Canada and the Catholic Church have failed to reckon with their legacy of residential schools, experts say, after a First Nation found the remains of 215 children buried under a former residential school.
Tk’emlúps te Secwépemc First Nation issued a statement on Thursday confirming that the undocumented remains of the children, some as young as 3, were found under the former Catholic-run Kamloops Indian Residential School, one of the largest of its kind in Canada. Up to 500 students were enrolled at the school, which ran from 1890 to 1978, at any given time.
“It’s important we reflect on why it takes a scientific study to demonstrate this when communities have been saying it for years. We shouldn’t need that scientific ‘evidence’ when communities have that evidence in their stories and their families,” said Kisha Supernant, who is Métis, a descendant of the Papaschase First Nation, and the director of the Institute of Prairie and Indigenous Archaeology at the University of Alberta.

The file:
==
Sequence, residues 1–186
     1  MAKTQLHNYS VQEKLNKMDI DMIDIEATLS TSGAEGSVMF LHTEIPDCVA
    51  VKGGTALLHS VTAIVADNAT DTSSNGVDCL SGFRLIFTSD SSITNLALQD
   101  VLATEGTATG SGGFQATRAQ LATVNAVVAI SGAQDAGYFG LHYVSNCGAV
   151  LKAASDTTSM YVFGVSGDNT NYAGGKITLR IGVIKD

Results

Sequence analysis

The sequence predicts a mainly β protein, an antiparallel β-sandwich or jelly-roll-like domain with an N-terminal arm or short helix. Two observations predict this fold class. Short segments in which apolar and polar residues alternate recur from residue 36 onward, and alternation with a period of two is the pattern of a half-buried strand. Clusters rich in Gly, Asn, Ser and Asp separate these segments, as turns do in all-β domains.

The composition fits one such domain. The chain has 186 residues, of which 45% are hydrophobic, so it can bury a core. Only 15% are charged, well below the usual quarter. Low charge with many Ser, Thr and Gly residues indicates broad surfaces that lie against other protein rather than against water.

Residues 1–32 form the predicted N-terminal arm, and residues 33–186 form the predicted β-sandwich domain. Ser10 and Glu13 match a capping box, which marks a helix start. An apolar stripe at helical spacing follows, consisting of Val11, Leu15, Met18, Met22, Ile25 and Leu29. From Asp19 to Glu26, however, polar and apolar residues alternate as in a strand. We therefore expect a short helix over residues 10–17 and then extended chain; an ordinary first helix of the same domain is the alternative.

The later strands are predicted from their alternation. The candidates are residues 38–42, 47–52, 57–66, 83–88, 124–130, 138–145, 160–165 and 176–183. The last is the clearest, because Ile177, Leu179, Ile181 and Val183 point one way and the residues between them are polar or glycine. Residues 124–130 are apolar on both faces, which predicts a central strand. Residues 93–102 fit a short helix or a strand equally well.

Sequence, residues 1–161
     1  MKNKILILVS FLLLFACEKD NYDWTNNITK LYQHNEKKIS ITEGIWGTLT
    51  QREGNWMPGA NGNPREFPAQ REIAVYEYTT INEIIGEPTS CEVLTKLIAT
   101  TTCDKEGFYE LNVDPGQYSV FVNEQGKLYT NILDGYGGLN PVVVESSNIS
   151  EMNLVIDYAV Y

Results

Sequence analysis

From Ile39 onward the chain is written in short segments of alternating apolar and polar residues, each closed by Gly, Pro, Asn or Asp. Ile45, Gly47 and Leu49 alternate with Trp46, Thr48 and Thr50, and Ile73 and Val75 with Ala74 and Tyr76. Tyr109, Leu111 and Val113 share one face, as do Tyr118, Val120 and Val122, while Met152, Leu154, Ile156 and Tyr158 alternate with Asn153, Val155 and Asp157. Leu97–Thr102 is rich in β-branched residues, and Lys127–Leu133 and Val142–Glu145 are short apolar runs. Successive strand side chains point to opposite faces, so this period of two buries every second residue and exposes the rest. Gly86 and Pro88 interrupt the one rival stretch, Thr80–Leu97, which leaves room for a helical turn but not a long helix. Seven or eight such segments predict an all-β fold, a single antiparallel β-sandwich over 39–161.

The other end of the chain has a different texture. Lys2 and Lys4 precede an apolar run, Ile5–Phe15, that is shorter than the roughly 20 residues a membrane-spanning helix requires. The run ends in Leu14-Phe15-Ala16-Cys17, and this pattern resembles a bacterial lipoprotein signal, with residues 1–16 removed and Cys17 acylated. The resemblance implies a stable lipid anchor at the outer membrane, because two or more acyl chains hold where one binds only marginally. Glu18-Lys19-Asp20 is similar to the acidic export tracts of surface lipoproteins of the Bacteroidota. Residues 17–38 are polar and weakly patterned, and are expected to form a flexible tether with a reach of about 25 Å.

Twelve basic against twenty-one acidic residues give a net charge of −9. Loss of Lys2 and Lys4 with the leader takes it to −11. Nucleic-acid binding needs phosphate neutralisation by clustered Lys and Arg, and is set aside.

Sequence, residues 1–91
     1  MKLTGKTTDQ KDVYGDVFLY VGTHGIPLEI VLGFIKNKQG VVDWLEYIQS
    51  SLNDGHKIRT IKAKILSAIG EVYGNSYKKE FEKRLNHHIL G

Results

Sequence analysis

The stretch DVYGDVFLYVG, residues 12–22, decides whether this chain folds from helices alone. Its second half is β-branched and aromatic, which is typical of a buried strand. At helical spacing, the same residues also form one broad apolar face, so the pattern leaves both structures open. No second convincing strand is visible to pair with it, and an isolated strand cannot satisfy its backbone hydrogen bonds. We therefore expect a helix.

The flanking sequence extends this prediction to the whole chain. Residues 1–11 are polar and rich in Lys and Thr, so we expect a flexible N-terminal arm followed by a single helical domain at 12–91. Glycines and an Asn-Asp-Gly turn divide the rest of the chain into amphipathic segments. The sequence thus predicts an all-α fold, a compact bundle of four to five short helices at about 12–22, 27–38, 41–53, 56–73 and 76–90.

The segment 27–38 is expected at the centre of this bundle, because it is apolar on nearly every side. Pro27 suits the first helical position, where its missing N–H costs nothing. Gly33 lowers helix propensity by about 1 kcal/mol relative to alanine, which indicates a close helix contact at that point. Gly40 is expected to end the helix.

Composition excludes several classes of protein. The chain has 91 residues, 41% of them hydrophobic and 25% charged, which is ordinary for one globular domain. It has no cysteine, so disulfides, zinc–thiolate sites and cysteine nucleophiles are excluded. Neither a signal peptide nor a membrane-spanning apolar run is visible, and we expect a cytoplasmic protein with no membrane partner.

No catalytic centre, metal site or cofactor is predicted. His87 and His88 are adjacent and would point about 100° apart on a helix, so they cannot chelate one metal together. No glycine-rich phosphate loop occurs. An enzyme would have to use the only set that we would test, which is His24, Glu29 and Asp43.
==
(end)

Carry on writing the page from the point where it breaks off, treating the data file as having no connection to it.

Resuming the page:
Residential schools, run by Catholics, Anglicans, and others, were used by the Canadian government to forcibly assimilate an estimated 150,000 First Nations, Inuit, and Métis children. It amounted to genocide, something Prime Minister Justin Trudeau’s government has acknowledged. Findings published by the Truth and Reconciliation Commission (TRC) five years ago detailed how students were systematically stripped away from their families and communities and forced to attend residential schools, where they were often punished for speaking their Indigenous languages or expressing their identities.